FOR CHAPTER LINKS CLICK HERE
HODADEION PART 11: THE WRATH OF HODADEION – As the demigod Hodadeion stalked angrily toward the large longhouse lodge in which the cannibal wizards and their women were tormenting his younger brother Otgoe, he had but one regret. That was that the Chief of the cannibal wizards, Dagwahgweoses, was away at his private lodge and would need to be dealt with separately.
On the plus side, the absence of the long-eyebrowed leader of the vile sorcerors made Hodadeion feel sure that his own magic powers would be strong enough to overcome the entire village of cannibal wizards.
The demigod burst into the longhouse lodge before him and angrily took in the tableau of his brother Otgoe bound and being tortured with firebrands. The firebrands brought forth tears from Otgoe and, as the wampum-god, Otgoe’s tears, spit and mucous manifested as precious wampum.
One of the women of the village noticed the way Otgoe’s eyes lit up at the entrance of his older brother and drew everyone’s attention to the new arrival. The cannibal wizards ceased their smoking and the women ceased torturing their bound victim with firebrands.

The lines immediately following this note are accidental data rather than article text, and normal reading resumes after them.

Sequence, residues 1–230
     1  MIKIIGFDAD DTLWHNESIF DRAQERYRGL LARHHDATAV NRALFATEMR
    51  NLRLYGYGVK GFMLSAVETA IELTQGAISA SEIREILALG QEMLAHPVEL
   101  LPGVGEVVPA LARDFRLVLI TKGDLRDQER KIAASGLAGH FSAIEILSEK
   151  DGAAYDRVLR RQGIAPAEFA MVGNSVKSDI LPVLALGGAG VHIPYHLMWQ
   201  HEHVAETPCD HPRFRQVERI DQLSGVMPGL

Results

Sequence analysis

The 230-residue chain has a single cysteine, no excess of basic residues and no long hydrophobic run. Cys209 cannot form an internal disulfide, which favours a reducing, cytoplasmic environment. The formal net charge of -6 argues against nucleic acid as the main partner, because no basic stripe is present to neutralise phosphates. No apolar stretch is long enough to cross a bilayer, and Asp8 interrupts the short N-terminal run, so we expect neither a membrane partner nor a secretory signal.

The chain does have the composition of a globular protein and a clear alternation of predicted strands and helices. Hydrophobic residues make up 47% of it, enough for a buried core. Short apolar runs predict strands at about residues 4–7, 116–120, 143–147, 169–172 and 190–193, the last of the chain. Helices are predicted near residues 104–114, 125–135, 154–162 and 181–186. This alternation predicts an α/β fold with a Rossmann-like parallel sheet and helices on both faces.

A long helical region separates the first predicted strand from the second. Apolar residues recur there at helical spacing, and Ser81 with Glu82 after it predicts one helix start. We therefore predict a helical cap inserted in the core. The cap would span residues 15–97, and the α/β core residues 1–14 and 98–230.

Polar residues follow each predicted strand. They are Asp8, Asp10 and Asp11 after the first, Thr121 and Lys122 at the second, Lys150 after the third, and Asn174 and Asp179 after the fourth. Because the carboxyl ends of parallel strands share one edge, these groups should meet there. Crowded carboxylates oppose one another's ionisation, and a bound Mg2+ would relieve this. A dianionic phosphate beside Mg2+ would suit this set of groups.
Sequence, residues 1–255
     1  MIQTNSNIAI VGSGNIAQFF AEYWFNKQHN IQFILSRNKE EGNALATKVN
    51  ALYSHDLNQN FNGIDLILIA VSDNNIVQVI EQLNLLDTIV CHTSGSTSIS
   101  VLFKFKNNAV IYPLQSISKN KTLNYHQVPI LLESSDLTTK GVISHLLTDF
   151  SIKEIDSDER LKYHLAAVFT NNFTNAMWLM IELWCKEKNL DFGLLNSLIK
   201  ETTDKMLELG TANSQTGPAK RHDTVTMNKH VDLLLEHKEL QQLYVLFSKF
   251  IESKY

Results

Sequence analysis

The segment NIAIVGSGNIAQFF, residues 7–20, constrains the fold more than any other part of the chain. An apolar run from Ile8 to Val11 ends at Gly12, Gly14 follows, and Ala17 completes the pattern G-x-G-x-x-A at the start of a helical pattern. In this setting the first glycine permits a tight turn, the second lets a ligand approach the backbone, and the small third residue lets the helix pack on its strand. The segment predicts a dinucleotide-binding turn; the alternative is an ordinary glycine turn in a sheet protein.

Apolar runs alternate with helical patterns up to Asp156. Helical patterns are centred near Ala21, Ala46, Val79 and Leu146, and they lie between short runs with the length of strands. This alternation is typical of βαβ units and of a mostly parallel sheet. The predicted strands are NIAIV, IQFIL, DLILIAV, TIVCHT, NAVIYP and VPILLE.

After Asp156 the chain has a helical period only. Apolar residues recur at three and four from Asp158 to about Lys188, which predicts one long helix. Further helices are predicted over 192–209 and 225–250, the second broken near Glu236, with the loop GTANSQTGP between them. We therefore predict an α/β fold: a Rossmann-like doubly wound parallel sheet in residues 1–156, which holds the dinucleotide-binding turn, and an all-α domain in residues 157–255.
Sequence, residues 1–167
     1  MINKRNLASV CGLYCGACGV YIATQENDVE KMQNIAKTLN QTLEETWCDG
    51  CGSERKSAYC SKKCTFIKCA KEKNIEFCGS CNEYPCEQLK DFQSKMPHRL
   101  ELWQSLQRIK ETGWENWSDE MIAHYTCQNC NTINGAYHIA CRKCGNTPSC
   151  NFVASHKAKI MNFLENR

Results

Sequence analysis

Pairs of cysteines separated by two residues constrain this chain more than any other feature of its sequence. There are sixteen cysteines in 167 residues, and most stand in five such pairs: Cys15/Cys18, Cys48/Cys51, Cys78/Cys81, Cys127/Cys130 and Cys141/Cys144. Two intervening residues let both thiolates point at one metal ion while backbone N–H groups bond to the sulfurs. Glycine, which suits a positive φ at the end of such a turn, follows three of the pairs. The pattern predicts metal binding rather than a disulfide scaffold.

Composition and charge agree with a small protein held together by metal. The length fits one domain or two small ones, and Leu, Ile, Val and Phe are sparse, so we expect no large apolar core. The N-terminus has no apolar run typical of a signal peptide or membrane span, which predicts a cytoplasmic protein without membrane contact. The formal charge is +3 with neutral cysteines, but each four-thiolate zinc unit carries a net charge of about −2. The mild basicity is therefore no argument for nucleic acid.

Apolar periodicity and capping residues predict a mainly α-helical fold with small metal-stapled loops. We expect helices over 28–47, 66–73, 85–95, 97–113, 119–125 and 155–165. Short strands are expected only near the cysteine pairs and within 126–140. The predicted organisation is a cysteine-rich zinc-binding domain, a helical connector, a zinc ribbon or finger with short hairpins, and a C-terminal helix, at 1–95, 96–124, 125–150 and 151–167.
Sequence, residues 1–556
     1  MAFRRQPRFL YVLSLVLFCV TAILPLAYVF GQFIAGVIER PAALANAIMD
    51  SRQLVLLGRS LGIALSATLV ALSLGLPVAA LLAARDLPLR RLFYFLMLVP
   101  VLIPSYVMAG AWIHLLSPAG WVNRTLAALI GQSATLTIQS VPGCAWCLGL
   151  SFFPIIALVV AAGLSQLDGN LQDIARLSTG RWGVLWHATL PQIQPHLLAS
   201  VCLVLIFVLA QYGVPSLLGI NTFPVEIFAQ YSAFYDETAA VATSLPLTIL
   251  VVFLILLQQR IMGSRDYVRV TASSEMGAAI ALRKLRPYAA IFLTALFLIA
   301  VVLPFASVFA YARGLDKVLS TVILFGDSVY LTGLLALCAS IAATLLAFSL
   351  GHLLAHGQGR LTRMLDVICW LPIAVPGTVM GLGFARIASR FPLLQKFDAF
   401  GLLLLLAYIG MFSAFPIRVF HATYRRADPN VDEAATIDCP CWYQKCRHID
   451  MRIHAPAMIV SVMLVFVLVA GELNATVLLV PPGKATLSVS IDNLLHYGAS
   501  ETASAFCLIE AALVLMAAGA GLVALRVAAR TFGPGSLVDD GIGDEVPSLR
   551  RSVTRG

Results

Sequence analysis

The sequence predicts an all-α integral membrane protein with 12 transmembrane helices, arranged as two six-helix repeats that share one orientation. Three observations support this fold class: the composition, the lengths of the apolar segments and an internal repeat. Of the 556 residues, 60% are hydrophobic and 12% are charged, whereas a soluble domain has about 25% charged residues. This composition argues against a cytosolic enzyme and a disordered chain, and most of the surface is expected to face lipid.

Hodadeion was concentrating intently, partly speaking and partly singing his latest conjuration. After a few verbal challenges went ignored by the god of magic the cannibal wizards tried to stir themselves from their seated position to attack the intruder. Continue reading
FOR CHAPTER LINKS CLICK HERE
HODADEION PART 10 – THE CANNIBAL WIZARDS – Now safely on the northern side of Niagara Falls following his battle with the whirlwind, the demigod Hodadeion continued walking toward the northeast.
The god of magic knew he was getting closer and closer to the home village of the cannibal wizards who had abducted his younger brother, the wampum god Otgoe. Hodadeion could tell that from the greater frequency with which he came upon empty villages which the cannibal wizards had depopulated by feasting on all the inhabitants. Continue reading
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HODADEION PART 9 – BATTLE WITH A WHIRLWIND – At what is now called Niagara Falls, the demigod Hodadeion stood facing an enormous Dagwanoenyent. Those beings were the ancient whirlwinds so often fought by Iroquois deities.
Dagwanoenyents were enormous, flying humanoid heads with long hair which sliced the air like chainsaw blades as the whirlwinds spun around at great speed. The destruction wrought by Dagwanoenyents was legendary and Hodadeion, the young god of magic regarded the figure floating above him with dread as he stood there on the rocky outcrops at the base of Niagara Falls. Continue reading